Infrared thermometers, also called non-contact handheld thermometers, have been gaining a strong foothold globally since the early 2000s. These affordable lightweight thermometers have different applications. However, their use primarily focuses on checking humans temperature. Doctors praise the medical-grade infrared thermometers well for their quick temperature results and accuracy.
You can use an infrared thermometer to measure the body’s temperature without actually bringing the device close to contact, which is advantageous in case of viral infections like the Coronavirus affecting the entire world since January 2020. Plus, they are non-invasive, making it less complicated for anybody to use.
Although they are being used in hospitals in the US and globally, and by tons of people at home, some folks still think infrared thermometers are harmful to babies and some parts of the human body such as the eye. Could this be unfounded, or is it just that the idea that the thermometer uses infrared is scary to some folks? Well, not to worry, this piece is primarily aimed at breaking open the questions surrounding the safety of infrared thermometers on humans. Without further ado, let’s dive in.
CATEGORIES OF INFRARED THERMOMETER
There are three grades of infrared thermometers according to various uses and accuracy. They are industrial-grade, medical-grade infrared and, consumer-grade infrared thermometers. However, the industrial-grade thermometers are not accurate enough; hence they aren’t used much by people. The medical-grade infrared thermometers are the ones used in hospitals and by most people in the world. Medical-grade infrared thermometers are those with the highest accuracy requirements, which is between 0.1 and 0.2 degrees.
SAFETY OF INFRARED THERMOMETERS ON HUMANS
At this point, you must be asking if you can use an infrared thermometer on humans. Well, that’s easy to answer. Infrared thermometers are safe to use on humans and do not lead to any harm. So far, there’s been no case of injury reported of medical-grade IR thermometers.
Another thing is infra-red thermometers do not cause eye damage. According to Feng Luzhao, a researcher from the Chinese Center for Disease Control and Prevention, using infrared thermometers is not harmful to the eyes and body.
Do infrared thermometers emit radiation? This is a common question posed by people who hesitate to use IR thermometers. Based on how infrared thermometers work, they do not emit radiation. IR thermometers only measure radiation emitted from human skin. However, it would be best if you use an IR thermometer that is FDA approved. This means it has been tested and stamped safe for use on adults and babies.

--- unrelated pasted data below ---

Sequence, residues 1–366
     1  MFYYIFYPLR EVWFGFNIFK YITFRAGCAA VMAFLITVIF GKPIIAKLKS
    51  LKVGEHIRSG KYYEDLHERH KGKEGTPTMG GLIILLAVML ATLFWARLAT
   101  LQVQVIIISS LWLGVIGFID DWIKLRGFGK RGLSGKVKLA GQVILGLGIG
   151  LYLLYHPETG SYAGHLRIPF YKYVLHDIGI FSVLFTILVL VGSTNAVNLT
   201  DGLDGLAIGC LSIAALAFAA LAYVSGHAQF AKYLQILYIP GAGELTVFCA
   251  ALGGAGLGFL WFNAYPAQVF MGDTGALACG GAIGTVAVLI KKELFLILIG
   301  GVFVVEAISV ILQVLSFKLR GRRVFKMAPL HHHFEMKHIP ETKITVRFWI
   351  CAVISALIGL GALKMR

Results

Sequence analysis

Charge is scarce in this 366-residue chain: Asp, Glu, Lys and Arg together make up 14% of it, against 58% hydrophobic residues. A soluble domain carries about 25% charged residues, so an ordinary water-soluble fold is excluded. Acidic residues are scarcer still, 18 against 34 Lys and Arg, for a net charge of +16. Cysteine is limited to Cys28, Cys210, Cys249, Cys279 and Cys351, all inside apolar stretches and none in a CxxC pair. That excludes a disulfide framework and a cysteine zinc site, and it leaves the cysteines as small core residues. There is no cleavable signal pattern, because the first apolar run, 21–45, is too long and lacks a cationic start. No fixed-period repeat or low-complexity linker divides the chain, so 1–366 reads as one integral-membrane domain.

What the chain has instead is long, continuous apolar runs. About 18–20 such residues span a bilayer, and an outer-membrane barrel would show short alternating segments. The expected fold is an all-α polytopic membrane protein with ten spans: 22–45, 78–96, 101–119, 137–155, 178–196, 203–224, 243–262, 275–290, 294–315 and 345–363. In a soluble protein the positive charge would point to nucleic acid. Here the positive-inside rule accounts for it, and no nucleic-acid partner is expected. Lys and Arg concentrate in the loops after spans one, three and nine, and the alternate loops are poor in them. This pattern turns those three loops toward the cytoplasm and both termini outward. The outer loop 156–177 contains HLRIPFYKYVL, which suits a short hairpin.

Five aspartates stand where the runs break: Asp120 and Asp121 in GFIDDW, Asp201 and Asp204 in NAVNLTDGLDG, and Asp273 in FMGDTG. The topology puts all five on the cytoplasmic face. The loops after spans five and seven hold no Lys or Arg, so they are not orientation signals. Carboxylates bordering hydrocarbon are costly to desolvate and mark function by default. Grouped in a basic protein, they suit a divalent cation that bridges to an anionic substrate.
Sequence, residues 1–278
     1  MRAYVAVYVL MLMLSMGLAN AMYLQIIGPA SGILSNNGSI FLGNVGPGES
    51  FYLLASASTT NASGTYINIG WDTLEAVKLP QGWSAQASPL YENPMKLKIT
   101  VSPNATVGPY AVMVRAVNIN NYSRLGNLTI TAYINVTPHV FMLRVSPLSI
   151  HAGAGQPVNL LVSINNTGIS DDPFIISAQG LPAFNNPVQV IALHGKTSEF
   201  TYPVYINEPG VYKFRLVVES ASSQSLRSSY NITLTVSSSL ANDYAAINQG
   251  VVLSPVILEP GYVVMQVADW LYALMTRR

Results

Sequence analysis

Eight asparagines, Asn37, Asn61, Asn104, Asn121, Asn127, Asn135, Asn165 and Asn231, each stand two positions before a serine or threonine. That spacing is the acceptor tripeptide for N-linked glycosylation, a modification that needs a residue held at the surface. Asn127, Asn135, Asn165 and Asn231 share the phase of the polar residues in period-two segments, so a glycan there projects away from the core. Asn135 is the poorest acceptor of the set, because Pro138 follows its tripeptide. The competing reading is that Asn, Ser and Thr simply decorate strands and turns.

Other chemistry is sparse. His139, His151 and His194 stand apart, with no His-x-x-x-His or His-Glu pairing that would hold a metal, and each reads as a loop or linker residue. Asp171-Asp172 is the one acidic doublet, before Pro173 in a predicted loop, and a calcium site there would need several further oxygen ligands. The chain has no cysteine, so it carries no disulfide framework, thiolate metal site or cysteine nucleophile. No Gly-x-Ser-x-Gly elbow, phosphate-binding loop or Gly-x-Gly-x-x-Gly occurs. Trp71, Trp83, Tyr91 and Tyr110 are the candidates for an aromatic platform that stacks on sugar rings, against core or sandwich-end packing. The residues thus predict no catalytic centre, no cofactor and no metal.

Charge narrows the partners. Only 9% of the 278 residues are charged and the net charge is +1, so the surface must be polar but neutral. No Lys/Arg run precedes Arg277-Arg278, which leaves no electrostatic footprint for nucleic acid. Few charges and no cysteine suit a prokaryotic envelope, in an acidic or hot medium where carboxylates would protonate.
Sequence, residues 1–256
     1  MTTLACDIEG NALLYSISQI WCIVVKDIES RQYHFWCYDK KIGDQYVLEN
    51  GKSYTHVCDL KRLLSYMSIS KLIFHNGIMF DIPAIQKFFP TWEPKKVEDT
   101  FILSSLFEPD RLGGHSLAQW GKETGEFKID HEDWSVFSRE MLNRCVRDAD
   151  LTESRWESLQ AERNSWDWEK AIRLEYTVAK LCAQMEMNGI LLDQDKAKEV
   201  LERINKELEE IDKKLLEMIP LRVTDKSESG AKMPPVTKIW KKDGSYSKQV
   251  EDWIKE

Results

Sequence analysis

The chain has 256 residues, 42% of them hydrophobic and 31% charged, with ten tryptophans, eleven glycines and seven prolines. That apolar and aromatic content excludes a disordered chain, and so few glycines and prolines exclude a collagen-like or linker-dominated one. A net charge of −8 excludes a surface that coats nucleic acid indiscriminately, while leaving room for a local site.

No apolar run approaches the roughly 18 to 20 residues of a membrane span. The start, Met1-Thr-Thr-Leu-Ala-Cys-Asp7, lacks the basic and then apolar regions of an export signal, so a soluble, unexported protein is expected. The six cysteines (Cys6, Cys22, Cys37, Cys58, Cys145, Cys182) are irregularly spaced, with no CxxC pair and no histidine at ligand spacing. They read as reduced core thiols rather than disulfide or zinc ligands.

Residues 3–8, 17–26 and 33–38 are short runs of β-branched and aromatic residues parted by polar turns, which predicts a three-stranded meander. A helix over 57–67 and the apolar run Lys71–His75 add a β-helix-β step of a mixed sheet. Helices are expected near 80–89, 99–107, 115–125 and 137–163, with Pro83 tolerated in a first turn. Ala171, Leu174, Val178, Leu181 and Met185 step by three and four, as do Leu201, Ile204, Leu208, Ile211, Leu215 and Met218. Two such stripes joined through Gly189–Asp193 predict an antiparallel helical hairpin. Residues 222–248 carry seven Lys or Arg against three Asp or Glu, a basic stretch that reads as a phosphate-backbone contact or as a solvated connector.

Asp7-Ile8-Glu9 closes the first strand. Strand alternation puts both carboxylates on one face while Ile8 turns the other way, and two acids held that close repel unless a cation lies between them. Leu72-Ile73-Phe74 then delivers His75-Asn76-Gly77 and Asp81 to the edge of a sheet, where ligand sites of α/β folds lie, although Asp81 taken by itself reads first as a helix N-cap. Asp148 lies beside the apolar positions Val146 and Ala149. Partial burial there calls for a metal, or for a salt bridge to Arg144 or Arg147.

However, laser-guided models, although normally harmless, should not be targeted near the eyes as even low power lasers can damage the eyes. So, for medical applications, it is recommended that you use non-laser guided models for safety reasons. So there’s no need to worry about using an infrared thermometer on your baby or adult at all.
ARE INFRAFRED THERMOMETERS SAFE FOR KIDS?
When your kids feel sick, the first thing you do is check for a fever, and infrared thermometers are a sure way of getting an accurate temperature result. Infrared thermometers are safer than mercury thermometer because mercury is dangerous to humans. IR thermometers don’t harm kids’ body parts as they don’t have radiation. These thermometers work by reflecting the infrared wavelength of heat dissipation from the human body. However, they use batteries to function, and if kids swallow them, they can become harmful.
Knowing how to use an infrared thermometer on a baby makes it easier to get accurate temperature results. The steps are simple to follow.
- Hold the infrared sensor above your subject, and press down the button.
- The e-digital display will bring up the temperature reading, accurate to 0.4°F (0.2°C), with a matching color code.
- Wait and repeat. Store up to 64 temperature readings so you can track the progress of your kid’s fever.
Also, for kids three months to 3 years, the American Academy of Pediatrics (AAP) recommends using rectal, axillary (underarm), or tympanic (in-ear) for the most accurate readings. The AAP recommends these infra-red thermometer type of tests as your kid grows: Under three months (Rectal), three months to 3 years(rectal, axillary, and tympanic). 4 to 5 years (rectal, oral, axillary, and tympanic), and five years to adult (Oral, axillary, and tympanic)
Infrared thermometers are entirely safe for use on humans, including kids, but you must know how to use it well, so you don’t get the wrong temperature check. Anyone who holds an infrared thermometer would find them light, super easy to use, and possessing a fast reaction time. It gives accurate temperature results due to its advanced technology, and quite durable so you wouldn’t need to worry about it being damaged from a fall anytime soon. Fears that IR thermometers are harmful to kids are unfounded generally. IR thermometers are the safest method of checking your kid’s temperature without any fuss.